19. 19. Object Oriented Programming via Fortran 90 else ! scalar constant v%size = 1 ; allocate ( v%data(1) ) ! default if ( present (values)) then ; v%data(1) = values(1) ! scalar else ; v%data(1) = 0.d0 ! null end if ! value present end if ! len present end function make_Vector function normalize_Vector (name) result (new) type (Vector), intent(in) :: name type (Vector) :: new real :: total, nil = epsilon(nil) ! tolerance allocate ( new%data(name%size) ) ; new%size = name%size total = sqrt ( sum ( name%data**2 ) ) ! intrinsic functions if ( total < nil ) then ; new%data = 0.d0 ! avoid division by 0 else ; new%data = name%data/total end if ; end function normalize_Vector subroutine read_Vector (name) ! read array, assign type (Vector), intent(inout) :: name integer, parameter :: max = 999 integer :: length read (*,(i1), advance = no) length if ( length <= 0 ) stop "Invalid length in read_Vector" if ( length >= max ) stop "Maximum length in read_Vector" allocate ( name % data(length) ) ; name % size = length read *, name % data(1:length) ; end subroutine read_Vector function real_mult_Vector (r, v) result (new) ! overload * real, intent(in) :: r type (Vector), intent(in) :: v type (Vector) :: new ! new = r * v if ( v%size < 1 ) stop "Zero size in real_mult_Vector" allocate ( new%data(v%size) ) ; new%size = v%size new%data = r * v%data ; end function real_mult_Vector function size_Vector (name) result (n) ! accessor member type (Vector), intent(in) :: name integer :: n n = name % size ; end function size_Vector function subtract_Real (v, r) result (new) ! vector-real, overload - type (Vector), intent(in) :: v real, intent(in) :: r type (Vector) :: new ! new = v + r if ( v%size < 1 ) stop "Zero length in subtract_Real" allocate ( new%data(v%size) ) ; new%size = v%size new%data = v%data - r ; end function subtract_Real function subtract_Vector (a, b) result (new) ! overload - type (Vector), intent(in) :: a, b type (Vector) :: new if ( a%size /= b%size ) stop "Sizes differ in subtract_Vector" allocate ( new%data(a%size) ) ; new%size = a%size new%data = a%data - b%data ; end function subtract_Vector function values (name) result (array) ! accessor memberCopyright © 1999, 2000 J. E. Akin. All rights reserved. Page 19 of 23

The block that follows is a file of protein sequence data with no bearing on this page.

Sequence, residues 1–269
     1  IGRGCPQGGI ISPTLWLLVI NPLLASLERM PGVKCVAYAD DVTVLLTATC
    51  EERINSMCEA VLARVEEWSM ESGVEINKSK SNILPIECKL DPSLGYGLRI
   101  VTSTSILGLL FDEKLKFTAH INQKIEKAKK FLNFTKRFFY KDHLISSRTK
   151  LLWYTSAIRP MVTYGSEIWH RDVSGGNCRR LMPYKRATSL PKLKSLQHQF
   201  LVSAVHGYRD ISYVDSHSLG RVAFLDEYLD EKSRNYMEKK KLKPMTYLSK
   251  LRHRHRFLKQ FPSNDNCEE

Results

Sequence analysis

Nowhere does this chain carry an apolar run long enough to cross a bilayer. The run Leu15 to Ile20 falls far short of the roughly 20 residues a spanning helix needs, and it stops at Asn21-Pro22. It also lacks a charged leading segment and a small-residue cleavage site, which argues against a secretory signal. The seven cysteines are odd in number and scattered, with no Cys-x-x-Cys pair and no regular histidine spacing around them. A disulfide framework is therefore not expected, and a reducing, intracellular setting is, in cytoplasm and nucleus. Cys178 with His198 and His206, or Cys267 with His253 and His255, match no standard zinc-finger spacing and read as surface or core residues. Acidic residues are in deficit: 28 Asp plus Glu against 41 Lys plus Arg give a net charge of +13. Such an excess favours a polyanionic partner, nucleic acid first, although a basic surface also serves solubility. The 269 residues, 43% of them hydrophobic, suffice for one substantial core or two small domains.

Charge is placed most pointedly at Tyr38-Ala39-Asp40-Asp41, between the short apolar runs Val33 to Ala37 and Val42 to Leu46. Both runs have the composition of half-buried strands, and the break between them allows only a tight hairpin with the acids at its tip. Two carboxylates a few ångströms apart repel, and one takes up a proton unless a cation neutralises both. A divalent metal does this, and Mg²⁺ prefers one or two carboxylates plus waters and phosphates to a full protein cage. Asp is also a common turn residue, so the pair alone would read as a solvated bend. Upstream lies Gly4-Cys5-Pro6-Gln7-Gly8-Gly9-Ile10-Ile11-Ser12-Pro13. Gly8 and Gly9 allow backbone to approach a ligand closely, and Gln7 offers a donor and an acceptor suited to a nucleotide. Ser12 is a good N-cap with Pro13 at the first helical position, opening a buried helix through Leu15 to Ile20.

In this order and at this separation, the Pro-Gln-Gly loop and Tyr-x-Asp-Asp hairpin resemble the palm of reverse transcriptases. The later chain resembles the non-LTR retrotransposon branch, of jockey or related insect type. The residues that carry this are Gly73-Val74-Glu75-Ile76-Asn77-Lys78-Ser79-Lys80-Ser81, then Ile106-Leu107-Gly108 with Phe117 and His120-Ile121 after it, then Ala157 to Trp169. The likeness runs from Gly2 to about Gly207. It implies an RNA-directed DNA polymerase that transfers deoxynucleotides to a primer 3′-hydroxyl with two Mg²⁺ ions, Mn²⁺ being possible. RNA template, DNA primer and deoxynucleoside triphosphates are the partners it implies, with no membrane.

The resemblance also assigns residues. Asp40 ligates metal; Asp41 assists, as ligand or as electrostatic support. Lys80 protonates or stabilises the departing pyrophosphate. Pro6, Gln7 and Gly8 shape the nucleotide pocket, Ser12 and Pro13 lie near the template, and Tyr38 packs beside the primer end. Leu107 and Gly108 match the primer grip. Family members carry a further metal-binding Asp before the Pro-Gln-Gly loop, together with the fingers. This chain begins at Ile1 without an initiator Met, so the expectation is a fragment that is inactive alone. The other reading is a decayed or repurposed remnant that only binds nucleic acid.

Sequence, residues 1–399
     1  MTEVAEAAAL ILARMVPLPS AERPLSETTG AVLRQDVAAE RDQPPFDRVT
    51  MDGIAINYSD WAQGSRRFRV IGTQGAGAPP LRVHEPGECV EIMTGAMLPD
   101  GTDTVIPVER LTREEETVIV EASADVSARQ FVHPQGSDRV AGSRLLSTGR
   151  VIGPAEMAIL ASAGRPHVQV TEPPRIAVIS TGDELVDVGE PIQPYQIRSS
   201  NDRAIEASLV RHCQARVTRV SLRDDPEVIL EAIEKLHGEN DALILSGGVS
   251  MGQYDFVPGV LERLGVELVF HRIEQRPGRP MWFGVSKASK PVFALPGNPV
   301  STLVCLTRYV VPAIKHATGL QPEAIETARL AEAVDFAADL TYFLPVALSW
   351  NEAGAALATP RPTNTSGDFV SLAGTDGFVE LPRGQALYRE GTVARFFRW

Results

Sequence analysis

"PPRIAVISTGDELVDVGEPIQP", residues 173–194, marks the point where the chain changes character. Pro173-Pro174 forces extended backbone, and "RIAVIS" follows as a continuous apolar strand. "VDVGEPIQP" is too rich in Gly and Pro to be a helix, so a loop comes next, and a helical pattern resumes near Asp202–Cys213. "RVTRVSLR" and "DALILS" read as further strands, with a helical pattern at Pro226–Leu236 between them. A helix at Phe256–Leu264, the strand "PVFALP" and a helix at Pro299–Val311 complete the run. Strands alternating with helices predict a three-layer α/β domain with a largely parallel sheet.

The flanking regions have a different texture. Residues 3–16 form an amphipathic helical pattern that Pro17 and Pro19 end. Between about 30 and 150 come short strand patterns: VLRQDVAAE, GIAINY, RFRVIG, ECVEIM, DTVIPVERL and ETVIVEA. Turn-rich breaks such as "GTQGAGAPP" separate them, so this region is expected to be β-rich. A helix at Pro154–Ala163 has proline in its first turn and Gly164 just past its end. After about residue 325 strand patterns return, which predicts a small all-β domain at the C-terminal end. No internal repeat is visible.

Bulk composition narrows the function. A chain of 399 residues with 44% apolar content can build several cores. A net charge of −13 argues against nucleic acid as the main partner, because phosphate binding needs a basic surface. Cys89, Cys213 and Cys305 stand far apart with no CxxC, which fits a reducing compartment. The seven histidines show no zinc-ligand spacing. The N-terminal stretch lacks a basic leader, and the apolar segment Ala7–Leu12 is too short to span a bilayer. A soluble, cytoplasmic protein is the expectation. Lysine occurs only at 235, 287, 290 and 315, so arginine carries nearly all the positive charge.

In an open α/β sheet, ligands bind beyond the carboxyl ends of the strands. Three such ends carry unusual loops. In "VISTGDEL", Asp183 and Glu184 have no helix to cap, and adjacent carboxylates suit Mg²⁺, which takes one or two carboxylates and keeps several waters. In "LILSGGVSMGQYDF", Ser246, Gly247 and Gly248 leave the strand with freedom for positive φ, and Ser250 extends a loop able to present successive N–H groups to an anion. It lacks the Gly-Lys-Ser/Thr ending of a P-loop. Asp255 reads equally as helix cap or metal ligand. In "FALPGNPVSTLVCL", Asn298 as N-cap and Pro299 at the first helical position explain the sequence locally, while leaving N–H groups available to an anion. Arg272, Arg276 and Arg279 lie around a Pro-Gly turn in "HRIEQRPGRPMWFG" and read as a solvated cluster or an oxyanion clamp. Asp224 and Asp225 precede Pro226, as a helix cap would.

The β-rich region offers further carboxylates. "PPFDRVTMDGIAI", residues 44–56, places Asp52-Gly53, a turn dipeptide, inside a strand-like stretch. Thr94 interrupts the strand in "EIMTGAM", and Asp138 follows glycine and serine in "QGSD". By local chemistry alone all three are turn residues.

20. 20. Object Oriented Programming via Fortran 90 type (Vector), intent(in) :: name real :: array(name%size) array = name % data ; end function values function Vector_ (length, values) result(name) ! Public constructor integer, intent(in) :: length ! array size real, target, intent(in) :: values(length) ! given array real, pointer :: pt_to_val(:) ! pointer to array type (Vector) :: name ! Vector to create integer :: get_m ! allocate flag allocate ( pt_to_val (length), stat = get_m ) ! allocate if ( get_m /= 0 ) stop allocate error ! check pt_to_val = values ! dereference values name = Vector(length, pt_to_val) ! intrinsic constructor end function Vector_ function Vector_max_value (a) result (v) ! accessor member type (Vector), intent(in) :: a real :: v v = maxval ( a%data(1:a%size) ); end function Vector_max_value function Vector_min_value (a) result (v) ! accessor member type (Vector), intent(in) :: a real :: v v = minval ( a%data(1:a%size) ) ; end function Vector_min_value function Vector_mult_real (v, r) result (new) ! vector*real, overload * type (Vector), intent(in) :: v real, intent(in) :: r type (Vector) :: new ! new = v * r if ( v%size < 1 ) stop "Zero size in Vector_mult_real" new = Real_mult_Vector (r, v) ; end function Vector_mult_real end module class_Vector Figure 11: A Typical Class of Vector Functionality ! Testing Vector Class Constructors & Operators include class_Vector.f90 ! see previous figure program check_vector_class use class_Vector type (Vector) :: x, y, z ! test optional constructors: assign, and copy x = make_Vector () ! single scalar zero write (*,("made scalar x = "), advance=no); call list (x) call delete_Vector (x) ; y = make_Vector (4) ! 4 zero values write (*,("made null y = "), advance=no); call list (y) z = make_Vector (4, (/11., 12., 13., 14./) ) ! 4 non-zero values write (*,("made full z = "), advance=no); call list (z) write (*,("assign [ 31., 32., 33., 34. ] to x")) x = assign( (/31., 32., 33., 34./) ) ! (4) non-zeros write (*,("assigned x = "), advance=no); call list (x) x = Vector_(4, (/31., 32., 33., 34./) ) ! 4 non-zero values write (*,("public x = "), advance=no); call list (x) write (*,("copy x to y ="), advance=no)Copyright © 1999, 2000 J. E. Akin. All rights reserved. Page 20 of 23